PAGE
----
Tag Archives: social media

Five fold increase in web traffic?

ImageEveryone loves a success story, but getting a five fold increase in unique visitors is quite dreamy. Here’s the story of Julian, his cattle and how Go 2 Market turned up the heat.

Go 2 Market started working with Julian Downs of Rannoch Meats in early February 2013 to help better understand the prospects for growing their farm direct beef sales. Julian, an IT professional during the week, and his wife raise Red Devon cattle in Greytown property in their spare time.

Rannoch Meats had been selling direct to the public for a few years and wanted to crank up sales. With little spare time on their hands they needed someone to come in and quickly assess and provide options around channels, recommend changes to current marketing and generate sales.

Go 2 Market quickly engaged with the hospitality sector to understand their requirements, the competition and the opportunities for a local food producer to get attention.

When introduced to the idea, Wellington restaurants liked having local beef on the menu especially if it came from a lesser known heard of bred of cattle. By calling in to speak with the chef at Ti Kouka Go 2 Market was able to have Rannoch Meats Red Devon beef feature in the restaurant’s dish for the prestigious Wellington on a Plate competition. Calls to other restaurants were also positively received and soon there was interest a plenty for Julian to followup.

The outcome was much the same for direct sales to home buyers. Go 2 Market spread the word and it didn’t take long for people to understand the value proposition of buying beef direct from the farm. Part of this awareness raising took place as a result of a survey. Go 2 Market surveyed past, current and prospective customers. The results were very informative and were turned into actions including communicating the main information customers wanted, more promotion, and changes to delivery.

Social media also played a part in awareness raising including reaching out to bloggers in the food community. As a result Rannoch Meats was promoted in a number of food related blog posts.

The outcome of all the calls, emails, social media and conversations, was an exponential increase in awareness of Rannoch Meats. Over the five week period of Go 2 Market’s engagement Rannoch Meats website had more than five times the number of unique visitors it had for the same period in 2012. Every day the traffic was higher relative to the same period the previous year.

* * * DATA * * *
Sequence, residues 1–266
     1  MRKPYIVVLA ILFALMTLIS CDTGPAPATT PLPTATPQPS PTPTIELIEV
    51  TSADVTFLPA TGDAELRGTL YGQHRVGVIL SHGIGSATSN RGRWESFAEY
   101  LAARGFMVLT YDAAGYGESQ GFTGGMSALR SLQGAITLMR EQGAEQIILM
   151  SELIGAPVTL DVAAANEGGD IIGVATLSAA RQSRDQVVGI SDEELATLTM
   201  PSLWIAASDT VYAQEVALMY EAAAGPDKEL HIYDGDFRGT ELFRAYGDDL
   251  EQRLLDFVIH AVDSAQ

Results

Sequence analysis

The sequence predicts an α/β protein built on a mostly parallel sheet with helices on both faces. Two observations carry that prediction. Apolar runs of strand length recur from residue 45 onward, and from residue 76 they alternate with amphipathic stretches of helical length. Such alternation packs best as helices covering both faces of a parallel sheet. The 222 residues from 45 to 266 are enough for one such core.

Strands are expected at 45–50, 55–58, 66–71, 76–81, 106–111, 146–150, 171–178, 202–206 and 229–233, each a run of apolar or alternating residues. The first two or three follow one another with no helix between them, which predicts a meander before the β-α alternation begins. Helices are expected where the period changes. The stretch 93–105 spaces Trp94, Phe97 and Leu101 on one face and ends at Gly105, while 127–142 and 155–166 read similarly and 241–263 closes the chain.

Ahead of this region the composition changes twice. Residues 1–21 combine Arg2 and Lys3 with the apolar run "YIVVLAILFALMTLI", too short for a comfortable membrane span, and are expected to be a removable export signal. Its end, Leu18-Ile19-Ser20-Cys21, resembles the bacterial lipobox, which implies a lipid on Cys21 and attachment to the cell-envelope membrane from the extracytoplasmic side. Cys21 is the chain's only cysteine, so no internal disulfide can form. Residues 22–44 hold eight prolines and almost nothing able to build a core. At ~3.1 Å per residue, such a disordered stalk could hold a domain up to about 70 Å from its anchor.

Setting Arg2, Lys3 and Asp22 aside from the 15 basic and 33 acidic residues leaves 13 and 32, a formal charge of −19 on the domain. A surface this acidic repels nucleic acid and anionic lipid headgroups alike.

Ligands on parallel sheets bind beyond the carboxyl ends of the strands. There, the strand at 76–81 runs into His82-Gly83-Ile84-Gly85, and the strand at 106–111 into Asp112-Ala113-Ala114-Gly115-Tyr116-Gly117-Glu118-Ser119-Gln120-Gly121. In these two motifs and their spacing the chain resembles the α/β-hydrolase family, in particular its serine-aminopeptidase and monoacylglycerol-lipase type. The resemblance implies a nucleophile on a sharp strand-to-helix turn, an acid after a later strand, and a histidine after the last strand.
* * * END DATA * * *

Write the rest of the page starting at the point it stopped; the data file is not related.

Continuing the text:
Pleasingly, there were also 23% more page visits and 9% more time spent on the site. The bounce rate also dropped by 30% as proportionately more people reached the site they wanted, www.rannochmeats.co.nz Best of all, increases in all metrics over the same period last year continue to be at very high levels even after the engagement with Go 2 Market.

Julian has the final word on the engagement “Objectives have been achieved and I am one very happy customer of Go 2 Market.”

Thanks Julian, bon appétit!

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Yes really, free publicity

Anyone can do it and while there’s no free lunch there’s a good possibility you can get some good free publicity.

I believe anyone can create their own PR. And as the business owner/product manager who is better placed than you. You’re the one who probably knows your product or service best, and are the most passionate about its success.

Media (magazines, radio, newspapers or TV) are not likely to be interested just because you have a new product/service. They are looking for something ‘newsworthy’. This type of publicity is limited to Apple products, products/services with something revolutionary about them, or products/services with a particular angle.

What’s your angle? Ask yourself, what is going to make the media organisation believe that this story is of interest to their readers/viewers?

Determining the media that’s the most relevant to your target market helps you to focus your story. It’s possible that you will create different angles for different media depending on their target audience. In summary, focus on the media that’s right for your target market, and then focus on the angle that’s right for each media.